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Urology/bladder tumour


Dear Dr Goldstein,
I have been diagnosed with a tumour of the bladder after an episode of blood in the urine. The tumour is 1.5cm diameter and has an irregular wide base, with a negative doppler inside. There was not cancerous cells in the urine. PSA 2.57 AND PCR less than 0.50.
The wall of the bladder was well defined and without infiltrations or roots in the bladder wall. I am now in the waiting list for a transuretral resection of the bladder.  I have been told by my doctor it is most likely to be grade I OR II.  The waiting list can be up to three months and I am very concerned after I read that the prognosis is not so good for the grade ii if the operation is after 12 weeks of diagnosis. I would like your honest opinion, and do you think I should look for a private clinic and have the operation as soon as posible as the diagnosis was 4 weeks ago. Thank you

Andres,  before answering your questions specifically, let me give you some background information I have written on bladder cancer.

Bladder cancer is the 4th most common cancer in men and the 8th highest in females.  The incidence of this neoplasm increases with age and is 2-3 times more common in men than in women.  This cancer originates in the lining of the urinary bladder and accounts for 90% of cancers that occur in the lining the entire urinary tract (the remainder are in the upper urinary tract).  The patient will typically present with the gross passage of blood in the urine or with irritative urinary symptoms.  The diagnosis is generally made by cystoscopic examination of the bladder which shows the typical cauliflower like tumor(s) on a pedicle of varying thickness.  Some tumors may be more solid and broad based.  These tend to be more aggressive and have a worse prognosis.  Although the gross appearance is characteristic, biopsy is needed to confirm the diagnosis and to evaluate the grade and stage of the tumor.  The GRADE is based on microscopic examination of the cancer cells and varies from one for the least to 4 for the most malignant.  The STAGE measures the depth of penetration into the balder wall and is classified similarly.  After the diagnosis is established, and depending on the grade and stage, other test may be needed to evaluate the extent of the tumor such as CT or MRI scans of the abdomen and pelvis.  Low grade noninvasive tumor are usually cured by TUR (transurethral resection) of the tumor.  High grade or stage tumors may require more intensive therapy such as radiation, chemotherapy or radical surgical removal of the bladder.  Even low grade tumor have a tendency to recur so life long periodic evaluation is necessary to try and detect recurrences early.  Sometimes, especially in a patient with multiple tumors on presentation or many recurrences, instillation of medication into the bladder is used to try and prevent such episodes.  Some of the agents used for this include BCG, Mitomycin C, Thiotepa, Doxorubicin, Epirubicin, Valrubicin, and interferon alpha 2b.  The latter agent has the added advantage of causing minimal bladder irritation.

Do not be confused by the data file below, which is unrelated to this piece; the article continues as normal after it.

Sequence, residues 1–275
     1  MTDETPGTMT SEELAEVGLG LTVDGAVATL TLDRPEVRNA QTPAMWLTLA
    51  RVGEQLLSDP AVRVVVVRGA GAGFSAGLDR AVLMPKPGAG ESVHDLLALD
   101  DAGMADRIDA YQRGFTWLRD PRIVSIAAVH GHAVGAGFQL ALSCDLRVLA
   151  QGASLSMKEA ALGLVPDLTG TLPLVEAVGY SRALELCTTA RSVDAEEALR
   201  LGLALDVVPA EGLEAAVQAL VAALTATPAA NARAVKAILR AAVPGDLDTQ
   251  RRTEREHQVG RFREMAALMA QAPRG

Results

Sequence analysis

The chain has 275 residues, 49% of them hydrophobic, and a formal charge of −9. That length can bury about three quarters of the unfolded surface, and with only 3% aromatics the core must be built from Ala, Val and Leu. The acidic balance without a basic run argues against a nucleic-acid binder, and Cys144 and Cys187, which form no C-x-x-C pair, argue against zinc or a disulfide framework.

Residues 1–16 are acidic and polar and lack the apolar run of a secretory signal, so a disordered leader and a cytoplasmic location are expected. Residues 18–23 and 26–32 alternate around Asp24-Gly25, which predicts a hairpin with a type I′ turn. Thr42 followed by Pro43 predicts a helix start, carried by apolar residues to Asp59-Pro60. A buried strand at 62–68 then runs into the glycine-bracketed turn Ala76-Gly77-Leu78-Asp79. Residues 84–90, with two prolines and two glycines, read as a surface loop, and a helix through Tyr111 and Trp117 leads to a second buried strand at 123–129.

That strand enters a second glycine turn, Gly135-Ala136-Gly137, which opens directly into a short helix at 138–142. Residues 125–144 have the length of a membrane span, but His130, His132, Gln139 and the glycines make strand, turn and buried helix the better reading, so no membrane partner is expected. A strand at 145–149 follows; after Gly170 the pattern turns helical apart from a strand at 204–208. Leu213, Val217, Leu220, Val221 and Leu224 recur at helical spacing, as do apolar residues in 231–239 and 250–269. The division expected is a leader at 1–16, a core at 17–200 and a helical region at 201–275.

That being said, a grade 1-2 tumor is considered low grade.  The urinary cytology is typically negative in these cases so your cytology report is consistent with this.  Although the size and gross appearance of the tumor suggests low grade. the "irregular wide base" is a bit disturbing.  Such bases have an increased tendency to be associated with tumors that invade into the muscle (stage B).  The lack of invasion noted on imaging studies is somewhat reassuring but this does not rule out microscopic invasion - only gross invasion.  

Therefore, the safest course of action would be to have the tumor resected sooner rather than in 3 months.  Be sure your urologist gets good samples of the muscle deep to the tumor for pathologic examination so that staging can be more accurate.  Good luck and let me know how you make out.


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Arthur Goldstein, M.D.


Problems or questions related to the field of urology; ie urinary stone disease, urinary cancers (kidney, bladder, prostate, testis, etc.), urinary infections, etc. I no longer answer questions related to erection problems or male sexual dysfunction.


I am retired from the active practice of urology. My 34 years was totally in the clinical field and involved the entire gamut of genitourinary problems, with special interest in endourology.

American Medical Association, American Urological Association, American College of Surgeons

College degree - BS Medical degree - MD Master of Science - MS

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